Statue of Liberty
At a time when Natives were being persecuted, France donates the Statue of Liberty to the United States. A giant statue, the National Park Service calls a “universal symbol of freedom and democracy.” Letâ€™s consider this: the 305-foot-tall statue was dedicated on October 28, 1886 and designated a National Monument in 1924.
In 1886, Geronimo was the last Chiricahua Apache to surrender; he had spent his life resisting colonization of his homeland in the Southwest. So, while the US is welcoming others, it was imprisoning this countryâ€™s Indigenous Peoples on reservations. In 1924, the Indian Citizenship Act was passed, which was yet another step by the government to assimilate the Indian population into white culture.
Facebook commenter Marie Sandvig put it quite well in regard to the Statue of Liberty being an atrocious monument: “Liberty for who, exactly?”
Not only was Mount Rushmore carved into a sacred place in the Black Hills, Natives have always questioned who the “real” founding fathers of this country are. And that is not the faces carved into the mountain.
Before anyone called it Mount Rushmore, the Sioux called the mountain Six Grandfathers. It was named Rushmore in 1884 when New York City attorney Charles E. Rushmore asked what it was called.
“From the Indian perspective, the monument at Mount Rushmore was a symbol of the dominant culture’s arrogance, racism, and spiritual insensitivity. Carving icons of presidents who were known for their insensitivity to Indian issues into a living sacred mountain would be similar to painting anti-Christian graffiti inside of a cathedral, or anti-Semitic symbols inside a synagogue,” points out a post on Native American Netroots.
In bustling New York City, Christopher Columbus — a man who took Natives as slaves and brought disease to Turtle Island — has an important city intersection named after him at Columbus Circle as well as a large monument in the center of that circle.
A marble statue of Columbus sits on top of a 70-foot granite column was created by Italian sculptor Gaetano Russo and completed in 1892 to celebrate the 400th anniversary of Columbus’ landing here, which was a harbinger of more death for the Indigenous Peoples here.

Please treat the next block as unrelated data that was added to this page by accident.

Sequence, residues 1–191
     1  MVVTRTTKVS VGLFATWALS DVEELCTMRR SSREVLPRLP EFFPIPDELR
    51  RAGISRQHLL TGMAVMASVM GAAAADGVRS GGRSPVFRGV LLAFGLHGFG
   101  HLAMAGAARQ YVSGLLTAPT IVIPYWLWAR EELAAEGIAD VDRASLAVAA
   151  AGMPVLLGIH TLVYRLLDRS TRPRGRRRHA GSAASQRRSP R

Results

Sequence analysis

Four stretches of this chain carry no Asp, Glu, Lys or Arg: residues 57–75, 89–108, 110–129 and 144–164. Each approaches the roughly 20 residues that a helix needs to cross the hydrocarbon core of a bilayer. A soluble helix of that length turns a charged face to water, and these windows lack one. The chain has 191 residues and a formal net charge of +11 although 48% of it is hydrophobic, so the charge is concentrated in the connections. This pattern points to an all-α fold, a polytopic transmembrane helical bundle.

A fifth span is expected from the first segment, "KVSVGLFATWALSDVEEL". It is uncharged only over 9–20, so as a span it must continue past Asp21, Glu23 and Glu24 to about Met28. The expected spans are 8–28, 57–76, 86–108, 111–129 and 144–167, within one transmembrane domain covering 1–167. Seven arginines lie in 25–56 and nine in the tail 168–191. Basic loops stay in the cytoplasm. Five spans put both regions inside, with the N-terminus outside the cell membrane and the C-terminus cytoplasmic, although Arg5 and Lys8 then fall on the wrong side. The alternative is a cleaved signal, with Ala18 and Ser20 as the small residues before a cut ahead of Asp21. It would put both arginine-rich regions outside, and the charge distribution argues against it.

“Hereâ€™s a statue of Christopher Columbus,” Luis Ramos said, waving toward the center of Columbus Circle, “and there’s still a federally recognized holiday. They don’t realize the destruction still being implemented, the genocide.” Ramos was at Columbus Circle in 2012 for an Indigenous Day of Remembrance, which is held the day before Columbus Day.
Andrew Jackson Monument
Why does a man nicknamed “Indian Killer” and “Sharp Knife” deserve to have more than one monument extolling his deeds? The proponent of Indian removal also earned the top spot on our list of worst US presidents.
Monuments to this brutal president can be found in Lafayette Park in Washington, D.C. and another, albeit smaller one, marks his birthplace in Lancaster, South Carolina.
“Andrew Jackson was a wealthy slave owner and infamous Indian killer, gaining the nickname ‘Sharp Knife’ from the Cherokee,” writes Amargi on the website Unsettling America: Decolonization in Theory & Practice. “He was also the founder of the Democratic Party, demonstrating that genocide against indigenous people is a nonpartisan issue.
“His first effort at Indian fighting was waging a war against the Creeks. President Jefferson had appointed him to appropriate Creek and Cherokee lands. In his brutal military campaigns against Indians, Andrew Jackson recommended that troops systematically kill Indian women and children after massacres in order to complete the extermination.
The Creeks lost 23 million acres of land in southern Georgia and central Alabama, paving the way for cotton plantation slavery. His frontier warfare and subsequent ‘negotiations’ opened up much of the southeast US to settler colonialism.”
George Armstrong Custer Equestrian Monument
Defeated at Greasy Grass, or the Battle of Little Bighorn as itâ€™s called in history books, it’s often forgotten that Custer was the one who started that fight by attacking an Indian village. It’s just the force of Lakota, Cheyenne and Arapaho who finished it.
It could also be said that it is because of Custer that the Fort Laramie Treaty of 1868 was not abided by and the Black Hills were taken away from the Lakota. He led an expedition there in 1874 and discovered gold, which prompted the United States government to violate the treaty, take back the land and move the Lakota to reservations.
In his honor, the George Armstrong Custer Equestrian Monument was erected in 1910 in Monroe, Michigan, his childhood home. There is also a memorial to him, a bronze statue in his birthplace in New Rumley, Ohio.
This is in no way an all-inclusive list. There are hundreds of monuments around the country that should never have been built. Tell us what monuments you think shouldnâ€™t exist.
This story was originally published on July 31, 2013.
National Congress of American Indians (NCAI)
Embassy of Tribal Nations
1516 P Street NW, Washington, DC 20005
Phone: (202) 466-7767. Fax: (202) 466-7797